Jacksonville’s Huguenot Memorial Park features 71 campsites at the mouth of the St. Johns River,as well as water sports. The park is part of the Great Florida Birding Trail, where a wildlife area for nesting terns and shorebirds is roped off to protect them in season.
Take a guided kayak tour, led by a professional naturalist guide, and paddle the backwaters of the 40,000 acres that have been preserved at the Guana Tolomato Matanzas National Estuarine Research Reserve (GTM-NERR) in the Ponte Vedra area, voted the best place to kayak in Northeast Florida.
Surfers head to Hanna Park, north of the Jacksonville Beach pier, and hang ten at Mickler’s Landing in Ponte Vedra Beach. In November, Flagler Beach is aglow for the Tommy Tant Memorial Surf Classic night-surfing event.
Washington Oaks State Gardens preserves 425 acres of coastal scenery along State Road A1A in Palm Coast. The park’s eastern boundary holds a large outcropping of coquina rock, creating a picturesque boulder-strewn beach especially favored by photographers. Visitors also find 20 acres of formal gardens. Pellicer Creek in Faver-Dykes Park is a popular site for birding, with more than one hundred bird species seen during spring and fall migrations.
Charter fishing boats, with guides, are plentiful, but you can also fish from piers at Flagler beaches, St. Augustine, Jacksonville and Amelia Island. Fort Clinch, in Fernandina Beach, makes an excellent fishing spot because artificial reefs (created entirely by accident by the Corps of Engineers while trying to fight beach erosion) produce an ideal underwater habitat for sea creatures. The half-mile-long fishing pier calls to anglers ready to cast a line. Don’t tell too many, but Fort Clinch’s isolated beaches make an ideal getaway for those wishing to avoid crowds.
State parks abound in the area, from the profusion of azalea blooms at Palatka’s Ravine Gardens State Park to the four miles of beaches at Anastasia State Park, which offers paddleboard, kayak and sailboat rentals. Explore the bass-fishing paradise of Lake George, set sail on the Amelia River at sunset or rent a houseboat on the St. Johns.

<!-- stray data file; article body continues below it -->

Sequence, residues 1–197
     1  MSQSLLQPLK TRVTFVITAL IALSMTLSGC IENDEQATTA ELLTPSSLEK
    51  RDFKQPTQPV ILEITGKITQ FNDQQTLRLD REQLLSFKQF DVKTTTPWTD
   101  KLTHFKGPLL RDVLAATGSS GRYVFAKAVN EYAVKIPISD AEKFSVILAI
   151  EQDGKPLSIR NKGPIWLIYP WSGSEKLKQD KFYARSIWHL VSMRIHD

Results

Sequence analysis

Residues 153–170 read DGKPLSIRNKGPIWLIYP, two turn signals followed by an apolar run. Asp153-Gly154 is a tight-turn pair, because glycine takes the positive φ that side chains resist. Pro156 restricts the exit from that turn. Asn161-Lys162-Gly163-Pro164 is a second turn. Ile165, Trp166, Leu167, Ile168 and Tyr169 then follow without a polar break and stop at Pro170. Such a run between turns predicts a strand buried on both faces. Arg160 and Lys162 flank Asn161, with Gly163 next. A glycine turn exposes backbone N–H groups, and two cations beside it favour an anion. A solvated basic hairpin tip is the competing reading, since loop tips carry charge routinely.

Golf is another passion in the area—there are more than 1,000 holes to play. Located between St. Augustine and Green Cove Springs, World Golf Village is a mecca for duffers, with its World Golf Hall of Fame, the Murray Bros. Caddy Shack restaurant, PGA Tour Golf Academy and two unique golf courses—Slammer & Squire, co-designed by Sam Snead and Gene Sarazen, and King & Bear, co-designed by Arnold Palmer and Jack Nicklaus. Other stand-out signature courses are The Players Stadium and Dye’s Valley courses at TPC Sawgrass in Ponte Vedra Beach, Golf Club of Amelia Island, the two public courses at the Omni Amelia Island Plantation Resort and the Hammock Beach Ocean Course in Palm Coast.
The great outdoors is a staple of Northeast Florida, so be sure to visit some of the beautiful destinations.
Now it’s your turn! Which places have you been? Where do you want to go? Please share your thoughts and experiences with us all!